Thursday, 25 June 2015

FreeRTOS on Arduino UNO using Eclipse IDE: Part 3

Previous: Part 2.

In the last part of this tutorial, we are going to create a simple application.

7. Creating a FreeRTOS application

We are going to create a FreeRTOS version of the same "Blink" sketch we used to test the board and our development environment. Everything we are going to do now is quite similar to what we have done in the section 4 of this tutorial.

7.1. Create a new C++ Project and select AVR Cross Target Application / Empty Project as project type. Press next.

Creating a project.

7.2. Deselect the Debug configuration. Press next.

We don't need the Debug configuration.

7.3. Select ATmega328p as MCU Type. Press finish.

Selecting the MCU type.

7.4. We need to add the folder /Source/include from the FreeRTOS static library project to the include directory path of our application project.
- Open the project properties and go to the section C/C++ General / Paths and Symbols.
- Click on Add...
- Fill the dialog according to the following pictures.

Adding FreeRTOS include folder to the include path.

Fill the dialog like this.

7.5. We also need to configure the linker so it find the symbols defined in the FreeRTOS library.
- Still in the project properties, go to the section C/C++ Build / Settings;
- Select AVR C++ Linker / Objects and add the object file as shown in the following pictures.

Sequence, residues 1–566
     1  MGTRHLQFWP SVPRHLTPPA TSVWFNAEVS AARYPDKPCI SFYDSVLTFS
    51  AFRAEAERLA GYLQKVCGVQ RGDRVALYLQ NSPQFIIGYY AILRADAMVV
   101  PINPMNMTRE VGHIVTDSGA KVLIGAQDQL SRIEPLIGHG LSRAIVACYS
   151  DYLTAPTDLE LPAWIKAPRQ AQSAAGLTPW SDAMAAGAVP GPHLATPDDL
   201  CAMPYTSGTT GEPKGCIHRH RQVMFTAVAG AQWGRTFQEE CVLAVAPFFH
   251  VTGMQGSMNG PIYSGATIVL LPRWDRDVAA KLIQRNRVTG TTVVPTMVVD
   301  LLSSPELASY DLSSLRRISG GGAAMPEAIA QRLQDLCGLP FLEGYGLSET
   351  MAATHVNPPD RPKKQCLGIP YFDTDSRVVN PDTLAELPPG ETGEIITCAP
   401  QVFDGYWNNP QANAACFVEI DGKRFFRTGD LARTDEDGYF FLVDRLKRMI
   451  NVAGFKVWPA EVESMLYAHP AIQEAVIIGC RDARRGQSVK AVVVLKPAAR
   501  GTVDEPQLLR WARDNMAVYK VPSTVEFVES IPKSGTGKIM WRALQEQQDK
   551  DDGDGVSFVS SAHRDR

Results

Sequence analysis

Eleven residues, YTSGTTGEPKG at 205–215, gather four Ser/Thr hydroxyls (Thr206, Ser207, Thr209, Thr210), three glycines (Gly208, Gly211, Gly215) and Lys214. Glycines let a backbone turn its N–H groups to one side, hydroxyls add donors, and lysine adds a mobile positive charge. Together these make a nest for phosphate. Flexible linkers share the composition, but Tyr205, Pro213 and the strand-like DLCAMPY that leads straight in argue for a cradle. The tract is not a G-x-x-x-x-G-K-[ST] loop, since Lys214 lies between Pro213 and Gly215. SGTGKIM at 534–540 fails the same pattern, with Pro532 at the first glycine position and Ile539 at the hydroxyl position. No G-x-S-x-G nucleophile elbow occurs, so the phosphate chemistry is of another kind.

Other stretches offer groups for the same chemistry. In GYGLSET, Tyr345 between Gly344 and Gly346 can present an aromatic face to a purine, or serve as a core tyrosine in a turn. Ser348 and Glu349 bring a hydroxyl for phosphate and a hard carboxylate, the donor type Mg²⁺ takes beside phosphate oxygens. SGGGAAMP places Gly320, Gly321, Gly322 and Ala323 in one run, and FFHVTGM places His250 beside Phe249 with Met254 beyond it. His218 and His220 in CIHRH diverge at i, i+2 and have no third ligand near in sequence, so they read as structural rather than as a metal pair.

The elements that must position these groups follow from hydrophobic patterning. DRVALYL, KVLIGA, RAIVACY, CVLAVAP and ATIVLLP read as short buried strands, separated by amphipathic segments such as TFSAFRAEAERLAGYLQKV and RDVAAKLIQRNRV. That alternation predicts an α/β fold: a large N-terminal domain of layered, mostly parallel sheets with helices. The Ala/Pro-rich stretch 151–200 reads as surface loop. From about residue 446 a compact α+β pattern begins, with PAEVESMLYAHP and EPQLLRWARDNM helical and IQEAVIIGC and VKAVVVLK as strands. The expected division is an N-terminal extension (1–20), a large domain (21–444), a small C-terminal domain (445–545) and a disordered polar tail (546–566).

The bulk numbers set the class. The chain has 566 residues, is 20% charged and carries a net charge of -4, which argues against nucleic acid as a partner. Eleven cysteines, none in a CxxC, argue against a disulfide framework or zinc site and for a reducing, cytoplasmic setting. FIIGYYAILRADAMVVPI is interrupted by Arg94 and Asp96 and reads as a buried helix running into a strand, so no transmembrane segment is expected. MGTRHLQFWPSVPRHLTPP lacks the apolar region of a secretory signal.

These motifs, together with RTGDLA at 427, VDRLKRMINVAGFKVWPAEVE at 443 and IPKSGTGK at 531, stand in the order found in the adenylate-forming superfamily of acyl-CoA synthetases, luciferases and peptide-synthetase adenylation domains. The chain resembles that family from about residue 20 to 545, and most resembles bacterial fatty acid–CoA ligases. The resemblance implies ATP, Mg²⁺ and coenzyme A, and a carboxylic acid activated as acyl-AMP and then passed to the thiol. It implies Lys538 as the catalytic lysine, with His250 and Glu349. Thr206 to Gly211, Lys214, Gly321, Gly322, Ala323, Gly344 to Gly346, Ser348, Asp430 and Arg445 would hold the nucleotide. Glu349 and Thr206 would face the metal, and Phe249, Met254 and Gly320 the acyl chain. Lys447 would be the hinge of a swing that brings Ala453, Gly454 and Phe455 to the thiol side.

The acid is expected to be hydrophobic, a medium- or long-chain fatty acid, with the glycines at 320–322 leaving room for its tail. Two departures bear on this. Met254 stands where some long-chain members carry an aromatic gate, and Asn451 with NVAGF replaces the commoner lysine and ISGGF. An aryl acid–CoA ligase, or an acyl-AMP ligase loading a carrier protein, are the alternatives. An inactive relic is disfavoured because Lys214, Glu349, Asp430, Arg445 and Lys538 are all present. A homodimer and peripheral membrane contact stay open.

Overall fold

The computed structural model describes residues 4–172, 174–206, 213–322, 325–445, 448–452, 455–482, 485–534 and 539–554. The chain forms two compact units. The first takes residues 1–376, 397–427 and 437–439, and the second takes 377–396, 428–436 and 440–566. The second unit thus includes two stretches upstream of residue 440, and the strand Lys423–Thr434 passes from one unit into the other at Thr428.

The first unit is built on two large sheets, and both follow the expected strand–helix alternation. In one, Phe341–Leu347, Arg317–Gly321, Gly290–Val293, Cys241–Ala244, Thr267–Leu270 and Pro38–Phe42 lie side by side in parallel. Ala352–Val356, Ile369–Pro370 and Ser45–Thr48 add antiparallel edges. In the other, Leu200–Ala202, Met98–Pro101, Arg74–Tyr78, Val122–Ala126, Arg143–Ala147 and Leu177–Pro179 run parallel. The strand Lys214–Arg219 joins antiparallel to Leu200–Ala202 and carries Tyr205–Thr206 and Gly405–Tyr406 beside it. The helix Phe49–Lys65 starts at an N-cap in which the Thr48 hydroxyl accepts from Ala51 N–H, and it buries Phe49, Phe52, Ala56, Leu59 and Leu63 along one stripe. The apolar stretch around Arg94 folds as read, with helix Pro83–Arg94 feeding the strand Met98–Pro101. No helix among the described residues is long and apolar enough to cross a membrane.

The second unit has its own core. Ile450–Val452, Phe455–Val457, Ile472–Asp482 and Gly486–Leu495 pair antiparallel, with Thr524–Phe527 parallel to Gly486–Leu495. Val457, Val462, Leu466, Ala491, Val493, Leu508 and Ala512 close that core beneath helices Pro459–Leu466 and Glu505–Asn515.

Adding FreeRTOS object file.

Fill the dialog like this.

7.6. Create a source file (e.g. main.cpp) and type (or copy) this code. The code has basically the same structure as the previous example.
- The main loop (responsible for blinking the LED) is in a separate function (not in main). This is used to create a task instead of being directly called;
- The function vTaskStartScheduler, called at the second line of the main function takes care of executing the tasks. The lines after that call are never executed;
- We need to create a callback named vApplicationStackOverflowHook, that will be executed in case of we run out of memory.

7.7. Build the project (press Ctrl+B). You will probably not find any problem.

7.8. Configure AVRDude. As we already created a programmer, everything we need to do is selecting it (we don't need to create it again).

7.9. Upload the software by pressing the "AVR" button on the toolbar. Sometimes Eclipse "forgets" the project on which you are working and complains that no AVR project is selected. If that happens, just select the project on Project Explorer panel and try it again.


After following this procedure, you will still have the same application you had at the beginning (using Arduino IDE). But you will have plenty of options to create multi-thread applications using threads, queues, semaphores, mutexes, etc. Your possibilities are limited only by your imagination (which I hope to be huge) and the available memory (which I know it is not that big).